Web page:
Just eating more protein won’t build muscle. Here’s what you need to do.

Building or maintaining muscle mass is important for improving physical fitness, enhancing quality of life, and promoting a healthy body weight. For sure, this is essential for athletes, but building muscle also is important for the rest of us, especially as we get older.

A key step in building muscle is eating enough protein. If you pay attention to the claims of supplement marketers or people touting the new “perfect” diet, you might think that protein is the only thing that matters. Unfortunately, that’s not the case. To really build muscle requires resistance exercise. Yes, you may need extra protein, too, but it’s the exercise that promotes the muscle growth. This is the topic of my Health & Fitness column in the Aiken Standard this week.

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There are good reasons to think that protein is important for developing muscle. First, muscle is made of protein, so you do need dietary protein to build muscle. Second, there are many studies that show that giving people who are doing resistance training extra protein does enhance muscle mass and strength. This is used as “evidence” that protein supplements are necessary, when it may really be the weight training that is improving strength.

A recent study looked at the effect of increasing protein intake on muscle mass in people who were not doing any resistance training. These were older men who could benefit from both extra protein and increased muscle mass. The results showed that the extra dietary protein did not increase muscle mass. Since the subjects were not doing any muscle building exercise, this suggests that resistance training is needed to promote muscle development.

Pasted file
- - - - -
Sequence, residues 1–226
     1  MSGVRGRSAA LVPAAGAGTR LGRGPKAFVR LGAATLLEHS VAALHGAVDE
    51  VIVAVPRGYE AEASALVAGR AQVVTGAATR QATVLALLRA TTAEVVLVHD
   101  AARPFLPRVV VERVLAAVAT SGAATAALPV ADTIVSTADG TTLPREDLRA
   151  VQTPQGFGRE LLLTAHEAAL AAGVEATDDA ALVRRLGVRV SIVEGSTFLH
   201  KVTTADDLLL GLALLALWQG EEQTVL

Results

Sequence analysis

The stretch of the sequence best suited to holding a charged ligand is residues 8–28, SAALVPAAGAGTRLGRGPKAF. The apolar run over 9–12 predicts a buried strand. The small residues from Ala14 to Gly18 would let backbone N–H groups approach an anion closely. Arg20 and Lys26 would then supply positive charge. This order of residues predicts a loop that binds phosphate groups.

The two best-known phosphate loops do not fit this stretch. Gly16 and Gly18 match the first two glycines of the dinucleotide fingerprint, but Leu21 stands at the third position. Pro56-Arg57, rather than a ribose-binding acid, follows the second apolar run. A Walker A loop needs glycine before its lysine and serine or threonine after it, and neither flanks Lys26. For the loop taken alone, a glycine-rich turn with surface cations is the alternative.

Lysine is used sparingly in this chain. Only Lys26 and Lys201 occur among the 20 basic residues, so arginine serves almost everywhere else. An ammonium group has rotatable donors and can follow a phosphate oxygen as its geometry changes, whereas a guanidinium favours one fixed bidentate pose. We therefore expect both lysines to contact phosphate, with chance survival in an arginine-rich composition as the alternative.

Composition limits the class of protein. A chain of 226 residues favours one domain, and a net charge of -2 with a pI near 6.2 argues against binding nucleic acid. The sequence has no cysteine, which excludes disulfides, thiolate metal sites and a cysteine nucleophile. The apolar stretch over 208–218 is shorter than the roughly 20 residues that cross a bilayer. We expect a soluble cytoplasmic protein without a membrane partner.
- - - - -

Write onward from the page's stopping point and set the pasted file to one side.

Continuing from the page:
Lifting weights or doing other resistance exercise builds both muscle mass and strength. The primary adaptation that results in increased muscle is hypertrophy, a process in which the muscles literally get larger. Resistance training causes a series of changes within the muscle that repair damage and stimulate protein synthesis. This why having adequate protein in the diet is important; you must have the protein available for the muscle to use it.

This only works if the muscle needs the protein, and that demand comes from doing resistance exercise. Having extra protein without exercise to stimulate the muscle wouldn’t have much effect on either muscle size or strength. But when someone is doing strength training, having enough protein at the right time is critical to maximizing strength gains.

The RDA, the amount that meets the needs of most healthy adults, is 0.8 grams of protein per kilogram of body weight (g/kg) per day. You can calculate your protein requirement by multiplying your body weight in pounds by 0.4, so a 200 lb. person would require about 80 g protein per day. While the RDA is a minimum for most healthy people, those who exercise regularly may need more, and it is certainly too low for athletes engaged in strenuous endurance or strength training. One study suggests that 1.6 g/kg per day, about twice the RDA, is a good goal for people who are trying to build or maintain muscle mass through resistance training.

You should get your protein from food, not supplements, to meet both energy needs to fuel your exercise sessions and provide adequate protein for muscle repair and growth. Timing matters, too: Protein intake immediately after exercise is particularly effective, so follow a workout with a protein rich meal or snack. Even if you aren’t actively training to build muscle, the combination of regular resistance exercise and adequate protein intake is essential to maintain muscle mass and strength as well as helping you maintain your weight.


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